There are 2 cases I want to talk about:
In this observation, you can see the specimen is portrayed as Methona confusa, but it actually is M. curvifascia. I don’t blame the user, as the 2 species are incredibly similar. However, it’s a problem when he/she opts out of Community Taxon, as the ID will remain incorrect as long as they don’t log in and see the correction. I imagine this is one of hundreds of observations where this happens, so I think this problem should be addressed.
New/rare species that can’t be classified as it
Take this observation: https://www.inaturalist.org/observations/8630627
As you can see, we came to an agreement that the species in the obs. is Erythrogonia excisa (a new species to the site) but we can’t put it as such because the user has opted out of Community Taxon. This isn’t the case where the user has been inactive for a long time, but I assume there are lots of cases where this happens.
So, what can be done about it? Maybe giving curators the ability to make any observations where the user opts out of C.T. match the ID given by the community? (as you can see in the observation of E. excisa; the community taxon is marked as such but the observation is just “Erythrogonia”)
My apologies if there are any mistakes in the text, I’m not a native english speaker!
They become casual grade once the community taxon disagrees with their ID.
Only if the DQA for “Based on the evidence, can the Community Taxon still be confirmed or improved?” is set to “no”. Otherwise they remain in “Needs ID”. I typically select that DQA option for these types of observations to remove them from the ID queue.
But what can we do if it doesn’t disagree with their ID? For example, the observation is set as genus and the community identifies it as a certain species. Oh, and I also forgot to mention that I used the DQA to put the first observation into casual grade, as it was misidentified.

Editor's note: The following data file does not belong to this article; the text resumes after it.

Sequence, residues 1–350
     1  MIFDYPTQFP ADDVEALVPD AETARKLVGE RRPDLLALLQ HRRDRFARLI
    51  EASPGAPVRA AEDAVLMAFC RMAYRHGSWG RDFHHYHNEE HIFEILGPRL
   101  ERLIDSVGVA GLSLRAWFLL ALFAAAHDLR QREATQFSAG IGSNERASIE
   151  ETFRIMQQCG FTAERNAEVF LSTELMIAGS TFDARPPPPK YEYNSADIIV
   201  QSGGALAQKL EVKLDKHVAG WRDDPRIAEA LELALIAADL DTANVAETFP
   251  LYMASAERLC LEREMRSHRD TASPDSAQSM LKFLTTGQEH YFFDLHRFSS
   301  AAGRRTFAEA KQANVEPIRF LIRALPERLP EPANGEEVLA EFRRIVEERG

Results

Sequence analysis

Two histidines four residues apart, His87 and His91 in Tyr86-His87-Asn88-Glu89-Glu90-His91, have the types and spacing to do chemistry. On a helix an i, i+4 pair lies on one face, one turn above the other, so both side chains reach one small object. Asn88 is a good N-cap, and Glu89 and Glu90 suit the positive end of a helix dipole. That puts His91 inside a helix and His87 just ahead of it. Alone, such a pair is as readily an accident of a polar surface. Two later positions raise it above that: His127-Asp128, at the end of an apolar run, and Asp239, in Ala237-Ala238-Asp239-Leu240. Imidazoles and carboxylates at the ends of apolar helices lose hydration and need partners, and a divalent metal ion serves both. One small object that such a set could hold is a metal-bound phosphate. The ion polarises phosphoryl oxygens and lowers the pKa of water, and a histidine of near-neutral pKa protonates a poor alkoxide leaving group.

That shouldn’t be the case, since:
Observations will revert to “casual” if the above conditions aren’t met or…the observer has opted out of the community ID and the community ID taxon is not an ancestor or descendant of the taxon associated with the observer’s ID
The intention of opting out of community ID is to give users control over how their observations are labeled in their profile. The tradeoff is that sometimes they become casual grade automatically (if not ancestor/descendant, e.g. example #1) or manually (example #2).
As far as “what can we do”, I’m not sure I understand what it is you want to do. I know I’d like to be able to find observations that are otherwise “community verified” where the user opted out of community ID, which is one reason why I’ve requested we be able to search observations by observation taxon and by community taxon here: https://forum.inaturalist.org/t/search-by-observation-taxon-or-community-taxon/3620
Hmmm, that explanation is different from my experience. I’ve never seen an observation revert to casual in these situations unless the DQA option is selected, and I’ve corrected species level IDs on a lot of “opt outs”.
Huh, I must be mistaken! Do the dissenting IDs need to reach >2/3 for that to kick in? I can dig for some examples, but I’m almost certain I have had them stay at “needs ID” when my dissenting ID is the first one added and they observed has opted out.
Right—their ID has to be out of line with the community taxon. If you just add one dissenting ID, the community taxon will be the common ancestor of the two IDs.
Thanks - that makes total sense. Your original response explained that, I just managed to misread it!
In that case, it’s still a bit of a time saver to select the DQA to prevent two other IDers from having to add a dissenting ID before it gets bumped to “casual” and out of the queue.
But with the downside that the community taxon isn’t given the opportunity to be corrected if it’s kicked out of Needs ID too soon.
There may be a bug associated with this, then. I regularly see observations with MANY dissenting IDs that stay in the Needs ID queue until I go into the DQA. I’ll try to grab a few examples next time I spot one.
I was pretty sure I had encountered the same, as well, but couldn’t readily find an example.
If the community ID doesn’t explicitly disagree, and just tries to refine it, these observations seem to sometimes remain cluttering up the Needs ID queue. For example:
The full quote from the Data Quality Assessment section is (bolding mine) is:
Observations will revert to “casual” if the above conditions aren’t met or the community agrees
- the observer has opted out of the community ID and the community ID taxon is not an ancestor or descendant of the taxon associated with the observer’s ID
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